euthanasia-shelter

Some unhappy animal shelter volunteers will get to air their complaints before a Evanston City Council committee tonight.

The Human Services Committee is scheduled to consider a proposal from City Manager Wally Bobkiewicz to extend the city’s agreement under which the volunteer Community Animal Rescue Effort largely runs operations at the shelter on Oakton Street.

The unhappy volunteers argue that too high a percentage of dogs brought to the shelter end up being euthanized.

CARE leaders, in turn, complain that the city has failed to move on plans developed nearly a decade ago to expand the shelter to provide better conditions for animals housed there.

A memo from Bobkiewicz says that when CARE leaders met with city officials in November, “both parties expressed frustrations with the other on specific issues related to the operation of the shelter.”

But they agreed to come up with a one year extension of the agreement, to run through 2014, that will be up for discussion tonight.

Bobkiewicz says if operational issues can be resolved “to the satisfaction of both parties” this year, then a new agreement could be drafted to resume the shelter expansion project and to continue to have CARE operate the shelter in the future.

Reports from two consultants who studied the shelter’s operation last year recommend a number of steps the shelter could take to improve adoption rates — from testing dogs for behavioral problems sooner after they arrive at the shelter to more quickly getting their pictures posted on the CARE website.

The chart above shows the percentage of all live dogs and cats taken to the shelter who were eventually euthanized.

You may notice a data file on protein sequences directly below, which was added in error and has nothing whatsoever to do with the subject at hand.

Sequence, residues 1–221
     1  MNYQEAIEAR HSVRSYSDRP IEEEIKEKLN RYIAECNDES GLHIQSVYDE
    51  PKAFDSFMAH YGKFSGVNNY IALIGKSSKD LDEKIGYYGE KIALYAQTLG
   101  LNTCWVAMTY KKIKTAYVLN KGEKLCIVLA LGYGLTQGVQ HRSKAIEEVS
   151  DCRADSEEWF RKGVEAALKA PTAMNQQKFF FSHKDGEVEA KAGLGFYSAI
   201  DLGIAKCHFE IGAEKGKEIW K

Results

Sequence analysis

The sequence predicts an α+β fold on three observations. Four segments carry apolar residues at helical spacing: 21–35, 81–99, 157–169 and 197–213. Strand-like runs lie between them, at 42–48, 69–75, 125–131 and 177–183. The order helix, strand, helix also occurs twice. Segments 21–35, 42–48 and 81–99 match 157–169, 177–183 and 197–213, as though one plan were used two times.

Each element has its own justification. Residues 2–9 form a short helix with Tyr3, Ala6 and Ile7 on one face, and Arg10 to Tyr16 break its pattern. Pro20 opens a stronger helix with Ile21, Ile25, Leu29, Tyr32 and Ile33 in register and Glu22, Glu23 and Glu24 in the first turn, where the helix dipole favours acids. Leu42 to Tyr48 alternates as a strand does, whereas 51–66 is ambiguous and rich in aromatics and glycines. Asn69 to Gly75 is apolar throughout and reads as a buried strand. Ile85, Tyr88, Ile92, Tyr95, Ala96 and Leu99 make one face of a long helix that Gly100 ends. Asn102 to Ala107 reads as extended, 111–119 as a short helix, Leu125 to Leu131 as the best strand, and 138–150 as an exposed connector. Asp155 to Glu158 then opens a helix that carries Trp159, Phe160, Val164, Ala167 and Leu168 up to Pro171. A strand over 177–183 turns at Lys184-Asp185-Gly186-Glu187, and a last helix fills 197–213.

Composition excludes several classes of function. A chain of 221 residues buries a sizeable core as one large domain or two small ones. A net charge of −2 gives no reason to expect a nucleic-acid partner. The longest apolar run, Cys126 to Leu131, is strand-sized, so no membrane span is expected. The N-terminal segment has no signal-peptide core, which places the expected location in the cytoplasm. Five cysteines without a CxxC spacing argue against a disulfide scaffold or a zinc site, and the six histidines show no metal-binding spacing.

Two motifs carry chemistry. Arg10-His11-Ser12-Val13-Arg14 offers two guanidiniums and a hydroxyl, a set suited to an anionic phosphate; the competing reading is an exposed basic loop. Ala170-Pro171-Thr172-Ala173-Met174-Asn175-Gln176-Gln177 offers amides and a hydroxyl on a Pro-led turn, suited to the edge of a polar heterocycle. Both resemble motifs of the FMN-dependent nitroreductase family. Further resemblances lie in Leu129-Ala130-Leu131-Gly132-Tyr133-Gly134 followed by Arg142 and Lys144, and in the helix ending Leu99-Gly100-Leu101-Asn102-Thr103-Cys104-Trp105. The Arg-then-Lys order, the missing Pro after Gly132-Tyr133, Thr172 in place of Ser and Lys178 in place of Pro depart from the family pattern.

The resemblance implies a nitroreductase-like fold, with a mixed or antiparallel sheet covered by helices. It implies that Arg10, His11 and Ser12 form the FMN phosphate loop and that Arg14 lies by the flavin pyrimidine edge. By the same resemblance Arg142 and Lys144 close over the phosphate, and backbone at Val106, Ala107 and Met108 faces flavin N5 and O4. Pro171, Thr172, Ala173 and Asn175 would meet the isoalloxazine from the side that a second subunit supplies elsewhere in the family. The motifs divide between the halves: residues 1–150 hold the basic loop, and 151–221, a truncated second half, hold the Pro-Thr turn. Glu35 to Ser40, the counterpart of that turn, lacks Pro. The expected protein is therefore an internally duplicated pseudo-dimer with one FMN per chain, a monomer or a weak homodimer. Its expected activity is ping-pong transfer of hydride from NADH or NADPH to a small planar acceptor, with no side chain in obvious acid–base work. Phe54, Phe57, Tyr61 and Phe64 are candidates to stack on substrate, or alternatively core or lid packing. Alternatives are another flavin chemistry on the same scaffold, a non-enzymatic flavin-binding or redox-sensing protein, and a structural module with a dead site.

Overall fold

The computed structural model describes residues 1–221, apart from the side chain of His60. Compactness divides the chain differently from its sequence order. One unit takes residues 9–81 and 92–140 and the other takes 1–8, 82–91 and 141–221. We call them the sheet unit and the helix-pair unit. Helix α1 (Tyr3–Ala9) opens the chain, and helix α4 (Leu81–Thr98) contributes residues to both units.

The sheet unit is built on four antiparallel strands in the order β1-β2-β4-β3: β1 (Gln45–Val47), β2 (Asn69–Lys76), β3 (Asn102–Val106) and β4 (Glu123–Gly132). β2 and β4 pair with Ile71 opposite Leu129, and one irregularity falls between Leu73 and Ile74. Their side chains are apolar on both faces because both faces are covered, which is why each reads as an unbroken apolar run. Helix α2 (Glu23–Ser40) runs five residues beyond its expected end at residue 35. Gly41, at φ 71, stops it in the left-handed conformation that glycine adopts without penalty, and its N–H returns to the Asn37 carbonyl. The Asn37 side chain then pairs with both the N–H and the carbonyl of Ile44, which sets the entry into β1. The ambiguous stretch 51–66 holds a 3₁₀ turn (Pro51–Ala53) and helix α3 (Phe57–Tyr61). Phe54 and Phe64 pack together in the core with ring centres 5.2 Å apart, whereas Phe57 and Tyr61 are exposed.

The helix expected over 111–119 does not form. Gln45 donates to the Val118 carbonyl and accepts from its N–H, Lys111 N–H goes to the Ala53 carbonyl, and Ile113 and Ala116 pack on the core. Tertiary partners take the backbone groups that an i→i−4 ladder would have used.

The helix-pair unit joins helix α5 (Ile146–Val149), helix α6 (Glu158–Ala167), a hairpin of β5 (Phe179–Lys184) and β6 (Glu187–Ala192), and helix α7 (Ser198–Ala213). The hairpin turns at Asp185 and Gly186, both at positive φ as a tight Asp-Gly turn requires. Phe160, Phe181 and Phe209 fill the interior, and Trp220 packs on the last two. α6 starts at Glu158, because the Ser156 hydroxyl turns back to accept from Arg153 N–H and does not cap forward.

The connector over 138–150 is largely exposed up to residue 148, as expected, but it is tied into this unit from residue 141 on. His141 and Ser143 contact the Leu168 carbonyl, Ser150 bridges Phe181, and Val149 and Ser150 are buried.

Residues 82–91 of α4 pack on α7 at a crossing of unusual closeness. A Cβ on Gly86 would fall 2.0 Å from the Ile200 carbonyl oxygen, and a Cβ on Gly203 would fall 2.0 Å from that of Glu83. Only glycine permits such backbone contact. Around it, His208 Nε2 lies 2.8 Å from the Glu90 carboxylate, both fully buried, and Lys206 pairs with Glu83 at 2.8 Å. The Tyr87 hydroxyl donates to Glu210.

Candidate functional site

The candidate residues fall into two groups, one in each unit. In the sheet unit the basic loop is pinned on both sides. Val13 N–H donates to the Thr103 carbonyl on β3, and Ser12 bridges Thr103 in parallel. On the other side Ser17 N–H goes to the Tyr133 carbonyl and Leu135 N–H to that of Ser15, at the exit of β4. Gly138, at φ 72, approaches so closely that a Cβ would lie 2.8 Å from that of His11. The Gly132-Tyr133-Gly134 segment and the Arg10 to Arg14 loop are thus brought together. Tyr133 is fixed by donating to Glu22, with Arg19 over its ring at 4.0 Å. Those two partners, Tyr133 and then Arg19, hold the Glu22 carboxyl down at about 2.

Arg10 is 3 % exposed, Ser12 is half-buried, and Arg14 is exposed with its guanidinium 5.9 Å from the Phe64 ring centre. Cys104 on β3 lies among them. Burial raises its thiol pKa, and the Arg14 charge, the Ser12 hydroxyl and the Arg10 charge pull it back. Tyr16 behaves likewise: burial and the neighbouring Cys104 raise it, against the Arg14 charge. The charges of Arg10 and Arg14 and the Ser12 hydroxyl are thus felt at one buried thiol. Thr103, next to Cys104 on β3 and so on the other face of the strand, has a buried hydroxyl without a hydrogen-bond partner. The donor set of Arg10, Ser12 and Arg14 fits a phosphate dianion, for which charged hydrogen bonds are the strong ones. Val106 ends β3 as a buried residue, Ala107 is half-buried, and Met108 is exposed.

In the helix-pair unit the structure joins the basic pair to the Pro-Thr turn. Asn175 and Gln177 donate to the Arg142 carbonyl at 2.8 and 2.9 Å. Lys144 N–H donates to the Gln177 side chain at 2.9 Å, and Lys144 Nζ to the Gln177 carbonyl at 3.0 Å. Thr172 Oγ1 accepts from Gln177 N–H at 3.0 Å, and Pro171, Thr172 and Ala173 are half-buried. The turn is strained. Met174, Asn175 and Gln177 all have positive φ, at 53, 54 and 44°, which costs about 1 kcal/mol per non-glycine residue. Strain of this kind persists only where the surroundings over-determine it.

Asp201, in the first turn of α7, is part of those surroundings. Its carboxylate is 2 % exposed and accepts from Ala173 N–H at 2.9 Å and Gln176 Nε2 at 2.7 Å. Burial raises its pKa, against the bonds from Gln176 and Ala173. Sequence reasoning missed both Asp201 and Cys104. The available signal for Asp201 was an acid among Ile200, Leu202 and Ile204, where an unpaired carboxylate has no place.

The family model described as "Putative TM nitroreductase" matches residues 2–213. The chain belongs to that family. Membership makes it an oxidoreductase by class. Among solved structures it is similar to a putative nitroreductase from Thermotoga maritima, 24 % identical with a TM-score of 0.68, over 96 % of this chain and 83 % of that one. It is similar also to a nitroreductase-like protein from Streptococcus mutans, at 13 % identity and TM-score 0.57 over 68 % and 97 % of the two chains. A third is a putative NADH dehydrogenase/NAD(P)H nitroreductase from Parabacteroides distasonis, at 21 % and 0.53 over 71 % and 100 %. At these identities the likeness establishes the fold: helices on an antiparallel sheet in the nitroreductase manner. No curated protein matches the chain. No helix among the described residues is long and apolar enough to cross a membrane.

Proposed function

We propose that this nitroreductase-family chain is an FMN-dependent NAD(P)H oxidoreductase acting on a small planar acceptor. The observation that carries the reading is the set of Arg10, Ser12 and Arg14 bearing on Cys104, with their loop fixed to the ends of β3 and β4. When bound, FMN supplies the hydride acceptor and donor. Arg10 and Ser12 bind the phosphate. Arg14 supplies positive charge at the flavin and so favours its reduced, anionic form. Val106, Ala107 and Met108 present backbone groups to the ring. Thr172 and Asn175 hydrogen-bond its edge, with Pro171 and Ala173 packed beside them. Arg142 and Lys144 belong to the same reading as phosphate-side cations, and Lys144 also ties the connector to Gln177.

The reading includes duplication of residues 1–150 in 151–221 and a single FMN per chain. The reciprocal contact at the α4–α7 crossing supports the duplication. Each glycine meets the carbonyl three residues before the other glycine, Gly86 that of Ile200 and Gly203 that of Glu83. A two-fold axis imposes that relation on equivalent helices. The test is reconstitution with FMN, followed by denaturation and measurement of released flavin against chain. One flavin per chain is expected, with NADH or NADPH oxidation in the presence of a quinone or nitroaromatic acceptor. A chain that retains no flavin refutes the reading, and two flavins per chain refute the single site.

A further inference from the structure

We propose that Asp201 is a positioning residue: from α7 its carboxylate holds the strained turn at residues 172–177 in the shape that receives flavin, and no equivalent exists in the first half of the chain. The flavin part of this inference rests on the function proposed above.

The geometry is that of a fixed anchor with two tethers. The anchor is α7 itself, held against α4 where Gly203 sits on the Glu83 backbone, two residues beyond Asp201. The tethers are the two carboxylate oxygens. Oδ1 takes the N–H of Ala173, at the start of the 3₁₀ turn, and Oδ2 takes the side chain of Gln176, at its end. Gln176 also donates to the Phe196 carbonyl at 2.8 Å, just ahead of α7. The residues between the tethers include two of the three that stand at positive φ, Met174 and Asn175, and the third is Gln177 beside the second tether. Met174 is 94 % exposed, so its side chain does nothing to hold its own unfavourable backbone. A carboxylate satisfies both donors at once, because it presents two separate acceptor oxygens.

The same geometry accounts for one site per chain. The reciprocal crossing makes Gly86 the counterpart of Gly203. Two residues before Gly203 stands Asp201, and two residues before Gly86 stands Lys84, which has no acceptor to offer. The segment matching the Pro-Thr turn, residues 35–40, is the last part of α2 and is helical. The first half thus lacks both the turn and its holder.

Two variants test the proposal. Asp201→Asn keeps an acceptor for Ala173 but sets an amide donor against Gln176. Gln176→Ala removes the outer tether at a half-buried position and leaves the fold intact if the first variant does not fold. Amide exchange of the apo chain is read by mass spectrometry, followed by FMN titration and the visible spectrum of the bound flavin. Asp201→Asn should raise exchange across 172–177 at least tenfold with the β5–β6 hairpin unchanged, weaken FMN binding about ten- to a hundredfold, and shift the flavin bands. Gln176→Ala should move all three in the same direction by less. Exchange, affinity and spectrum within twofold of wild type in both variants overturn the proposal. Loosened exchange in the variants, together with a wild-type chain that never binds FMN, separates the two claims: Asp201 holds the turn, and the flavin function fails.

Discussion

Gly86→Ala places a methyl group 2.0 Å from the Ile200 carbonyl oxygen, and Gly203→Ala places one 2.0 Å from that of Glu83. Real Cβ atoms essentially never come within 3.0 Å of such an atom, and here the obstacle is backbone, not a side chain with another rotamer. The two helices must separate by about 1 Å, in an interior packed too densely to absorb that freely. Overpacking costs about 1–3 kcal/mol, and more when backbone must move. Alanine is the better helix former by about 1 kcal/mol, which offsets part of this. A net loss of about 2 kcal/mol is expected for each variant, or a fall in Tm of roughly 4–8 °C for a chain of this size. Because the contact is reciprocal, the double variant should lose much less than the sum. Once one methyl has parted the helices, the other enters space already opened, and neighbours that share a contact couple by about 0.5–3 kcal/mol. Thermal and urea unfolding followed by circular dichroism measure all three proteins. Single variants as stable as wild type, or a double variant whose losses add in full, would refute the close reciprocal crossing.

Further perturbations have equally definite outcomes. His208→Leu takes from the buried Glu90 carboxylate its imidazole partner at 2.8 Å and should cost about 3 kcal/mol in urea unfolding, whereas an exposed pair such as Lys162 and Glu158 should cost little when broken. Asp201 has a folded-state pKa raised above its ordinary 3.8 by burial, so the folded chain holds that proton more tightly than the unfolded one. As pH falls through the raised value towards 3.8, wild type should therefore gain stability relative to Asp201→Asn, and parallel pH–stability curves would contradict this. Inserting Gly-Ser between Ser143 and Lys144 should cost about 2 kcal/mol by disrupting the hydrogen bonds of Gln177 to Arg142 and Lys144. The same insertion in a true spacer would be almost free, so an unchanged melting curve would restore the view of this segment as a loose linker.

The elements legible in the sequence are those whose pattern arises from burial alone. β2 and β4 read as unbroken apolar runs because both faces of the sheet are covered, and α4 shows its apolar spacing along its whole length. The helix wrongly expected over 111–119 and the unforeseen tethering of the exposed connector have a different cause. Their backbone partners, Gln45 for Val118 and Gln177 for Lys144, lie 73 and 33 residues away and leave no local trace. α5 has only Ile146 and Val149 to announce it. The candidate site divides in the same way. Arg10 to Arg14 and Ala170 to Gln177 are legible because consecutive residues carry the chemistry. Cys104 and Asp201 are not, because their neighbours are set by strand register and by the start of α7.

Most dogs brought to the shelter are returned to their owners and only about 20 percent are adopted. By contrast, very few cats brought to the shelter are returned to their owners, but roughly 80 percent of them are eventually adopted.

Related document

Human Services Committee meeting packet (.pdf)

Bill Smith is the editor and publisher of Evanston Now.

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2 Comments

  1. Lower Euthanasia Rate

    So according to the graph the euthanasia rate is actually decreasing?

    That should be good news. Am I missing something here?

    I can imagine all of us could agree that one euthanized animal is one too many, but realistically not possible. I'm happy to see the rate trending down each of the past three years.

     

    1. Euthanasia rate decreased despite CARE, not because of it

      RacerX – The only reason the euthanasia rate went down is that in late 2012, the City started ignoring most of CARE's euthanasia recommendations. CARE actually requested 39 euthanasias (45% of its unclaimed dogs) in 2012. But the City warden transferred 10 of those dogs to other rescue groups, leaving the final euthanasia count at 29. CARE continues to use the same behavior evaluations and has requested euthanasia for many more dogs than are reflected in the graph.  

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